Writing Truth for Power

When Union United, a recently formed coalition of residents, local business owners, labor unions, and community and faith-based organizations in Somerville, Mass., read a local newspaper commentary about the proposed redevelopment […]

When Union United, a recently formed coalition of residents, local business owners, labor unions, and community and faith-based organizations in Somerville, Mass., read a local newspaper commentary about the proposed redevelopment of their neighborhood that didn't share their concerns about displacement, they saw it not as a disappointment, but as an opportunity to get the word out about their efforts to ensure that the community will benefit from the development.

The coalition’s published response, co-authored by six of its members, critiqued the article’s suggestion that the large scale of the transit-oriented development and the city’s expressed commitment to values-based, community-oriented redevelopment were sufficient to forestall gentrification. 

The 18 coalition members who exchanged e-mails over five days and multiple drafts sought to speak truth to power. At the same time, the collective writing process allowed them to discover more about the truth, empower diverse constituents, and speak as a unified group whose members respect and learn from one another’s differences.  They were writing truth for power. 

This worked in several ways:

Writing to Discover:  Writing the response was a process of discovering what is true and meaningful to the coalition members and the audiences they are trying to reach.  Thanks to the collective writing process, each draft was more concise and powerfully worded. They also edited for accuracy.  The final draft corrected the census figures for the percentage of foreign born residents and clarified evidence that increasing rents are already displacing residents and businesses.

Contributors also compared interpretations of official meetings to select the master developer for the project. The iterations of drafts translated concerns about the transparency of the process and accountability to the community into an expression of the coalition’s expectation to engage in constructive deliberation with the development team, public officials, the city-appointed advisory committee, and other resident groups. 

Writing to Empower:  Writing collectively was both a product and a practice of community organizing. The campaign strategy committee enlisted a community organizer from the Somerville Community Corporation, which is a member of Union United, to draft the first version. In addition to sending the draft out to the coalition’s growing e-mail lists for feedback, she encouraged constituents to voice their perspectives. 

The final draft included a quotation from Dirce Silva, a local business owner who joined Union United to stay informed and support the community while ensuring that her business would survive and thrive as a result of the redevelopment.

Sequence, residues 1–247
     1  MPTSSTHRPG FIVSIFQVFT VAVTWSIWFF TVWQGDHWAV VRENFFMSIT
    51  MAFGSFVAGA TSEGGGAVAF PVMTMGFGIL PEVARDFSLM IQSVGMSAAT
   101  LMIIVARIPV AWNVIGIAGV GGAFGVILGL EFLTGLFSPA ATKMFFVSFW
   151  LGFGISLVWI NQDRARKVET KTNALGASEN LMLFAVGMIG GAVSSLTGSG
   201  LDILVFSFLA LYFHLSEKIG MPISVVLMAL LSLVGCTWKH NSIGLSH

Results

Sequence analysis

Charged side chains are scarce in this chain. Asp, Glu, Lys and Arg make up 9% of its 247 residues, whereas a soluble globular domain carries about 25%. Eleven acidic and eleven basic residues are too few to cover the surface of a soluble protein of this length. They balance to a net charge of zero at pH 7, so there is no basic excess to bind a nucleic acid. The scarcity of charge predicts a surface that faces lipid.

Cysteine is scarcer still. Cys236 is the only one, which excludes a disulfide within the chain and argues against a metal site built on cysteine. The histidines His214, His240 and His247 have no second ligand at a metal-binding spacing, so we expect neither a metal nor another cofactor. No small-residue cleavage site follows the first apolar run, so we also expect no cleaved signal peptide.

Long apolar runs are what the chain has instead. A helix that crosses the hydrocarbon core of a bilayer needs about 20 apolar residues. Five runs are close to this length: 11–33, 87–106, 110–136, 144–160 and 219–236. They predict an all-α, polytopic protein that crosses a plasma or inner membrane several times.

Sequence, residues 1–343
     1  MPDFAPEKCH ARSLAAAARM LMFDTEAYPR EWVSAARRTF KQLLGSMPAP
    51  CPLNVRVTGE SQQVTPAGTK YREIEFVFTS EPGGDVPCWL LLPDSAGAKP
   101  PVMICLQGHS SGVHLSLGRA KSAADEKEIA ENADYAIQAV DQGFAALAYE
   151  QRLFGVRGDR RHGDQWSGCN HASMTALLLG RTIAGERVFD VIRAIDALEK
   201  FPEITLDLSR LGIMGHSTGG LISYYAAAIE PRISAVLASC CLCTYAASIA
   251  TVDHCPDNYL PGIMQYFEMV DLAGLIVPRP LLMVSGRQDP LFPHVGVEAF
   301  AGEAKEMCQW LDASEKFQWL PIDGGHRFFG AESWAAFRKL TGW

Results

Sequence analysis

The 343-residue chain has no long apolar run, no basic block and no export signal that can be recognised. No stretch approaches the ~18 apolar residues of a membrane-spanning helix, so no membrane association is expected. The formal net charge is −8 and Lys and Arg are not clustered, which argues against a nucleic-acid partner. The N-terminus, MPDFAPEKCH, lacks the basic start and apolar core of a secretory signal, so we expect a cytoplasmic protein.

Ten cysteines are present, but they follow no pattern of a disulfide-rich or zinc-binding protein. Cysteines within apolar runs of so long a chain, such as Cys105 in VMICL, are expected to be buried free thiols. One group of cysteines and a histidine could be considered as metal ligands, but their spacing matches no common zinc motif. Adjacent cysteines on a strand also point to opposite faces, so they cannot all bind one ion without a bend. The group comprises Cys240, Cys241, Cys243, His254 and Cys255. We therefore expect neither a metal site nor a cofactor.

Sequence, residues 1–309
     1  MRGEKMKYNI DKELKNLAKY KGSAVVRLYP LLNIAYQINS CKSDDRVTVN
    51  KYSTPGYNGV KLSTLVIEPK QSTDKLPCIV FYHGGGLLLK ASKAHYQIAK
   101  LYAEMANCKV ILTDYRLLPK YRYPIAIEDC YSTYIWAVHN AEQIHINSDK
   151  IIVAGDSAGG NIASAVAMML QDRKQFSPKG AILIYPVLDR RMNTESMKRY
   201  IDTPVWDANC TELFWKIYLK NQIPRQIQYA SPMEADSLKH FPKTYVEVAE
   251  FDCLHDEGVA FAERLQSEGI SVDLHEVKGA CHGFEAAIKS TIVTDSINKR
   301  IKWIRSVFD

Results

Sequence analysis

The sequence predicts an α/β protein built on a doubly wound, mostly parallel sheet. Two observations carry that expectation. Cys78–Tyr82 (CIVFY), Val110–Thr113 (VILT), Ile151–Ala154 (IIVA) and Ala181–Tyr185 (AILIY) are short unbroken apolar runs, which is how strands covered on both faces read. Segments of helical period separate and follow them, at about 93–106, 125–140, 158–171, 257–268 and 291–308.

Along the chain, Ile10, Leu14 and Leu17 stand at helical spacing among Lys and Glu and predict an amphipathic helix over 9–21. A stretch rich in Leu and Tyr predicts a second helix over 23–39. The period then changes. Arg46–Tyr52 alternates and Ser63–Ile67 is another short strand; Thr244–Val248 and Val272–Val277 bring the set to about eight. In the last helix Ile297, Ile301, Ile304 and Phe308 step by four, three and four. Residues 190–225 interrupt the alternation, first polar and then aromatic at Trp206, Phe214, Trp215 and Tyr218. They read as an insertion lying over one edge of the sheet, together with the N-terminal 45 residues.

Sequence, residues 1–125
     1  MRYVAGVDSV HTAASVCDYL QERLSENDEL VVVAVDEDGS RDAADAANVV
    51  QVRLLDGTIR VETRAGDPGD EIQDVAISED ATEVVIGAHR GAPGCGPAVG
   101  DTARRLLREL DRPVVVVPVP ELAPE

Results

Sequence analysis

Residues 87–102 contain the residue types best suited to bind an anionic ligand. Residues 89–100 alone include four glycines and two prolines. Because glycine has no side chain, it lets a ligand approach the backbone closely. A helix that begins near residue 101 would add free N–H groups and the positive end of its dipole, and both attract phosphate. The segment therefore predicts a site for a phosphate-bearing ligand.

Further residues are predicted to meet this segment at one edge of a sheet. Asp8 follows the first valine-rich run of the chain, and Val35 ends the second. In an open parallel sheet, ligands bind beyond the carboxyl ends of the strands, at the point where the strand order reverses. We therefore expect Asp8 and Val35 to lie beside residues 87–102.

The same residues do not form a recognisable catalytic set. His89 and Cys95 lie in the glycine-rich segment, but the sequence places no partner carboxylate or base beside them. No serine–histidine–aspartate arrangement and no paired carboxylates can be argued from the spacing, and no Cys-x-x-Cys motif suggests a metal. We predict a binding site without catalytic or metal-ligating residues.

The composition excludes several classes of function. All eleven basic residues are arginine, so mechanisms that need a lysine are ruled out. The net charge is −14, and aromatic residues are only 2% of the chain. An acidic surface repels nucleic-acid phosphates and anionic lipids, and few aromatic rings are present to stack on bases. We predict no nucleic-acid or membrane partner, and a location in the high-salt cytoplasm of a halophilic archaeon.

Another contribution was an excerpt from a letter Ed Halloran, president of the Somerville Municipal Employees Association and co-chair of the Somerville Labor Coalition, sent to the nearly 700 union members he represents to introduce them to Union United and encourage them to get involved. 

The invitation to write a paragraph of the response inspired Union Square resident Bridget Breton to articulate her desire for the neighborhood to remain a multicultural community where working families can enjoy affordable housing and places for their children to play. Writing gave Breton, a recent immigrant, the courage to speak publically at the Civic Advisory Committee’s convening to meet the lead staff of the master developer selected for the project. 

Writing to Unite: The writing process also surfaced a diversity of perspectives and interpretations among the members. Differences often yield friction. But resolving differences respectfully may have made the coalition stronger.  As one member suggested in an e-mail exchanged during the writing process, “As we go through the process, we’re going to have many areas we’ll disagree on. If our observations, analysis, and critiques are couched in negative terms, it’s harder to extract the meaning of what is being said. It’s much easier to understand criticism if it’s constructive and accompanied by suggestions as to how to make it better. It’s difficult crafting a letter by committee and we need to be respectful of each other as we go through this process.” 

Union United members will have lots of chances to practice writing together.  The Coalition is currently drafting a commmunity benefits agreement to ensure that the redevelopment plans include affordable housing, good local job opportunities, small business protections, other amenities, and a voice in the redevelopment process.  

And conveying those proposed provisions to the developers, city officials, and other community members and negotiating the demands will likely involve even more writing.

(Photo: Union United members call attention to small business rent increases of 30-50% in the heart of Union Square in Somerville, MA on May 30, 2014.)

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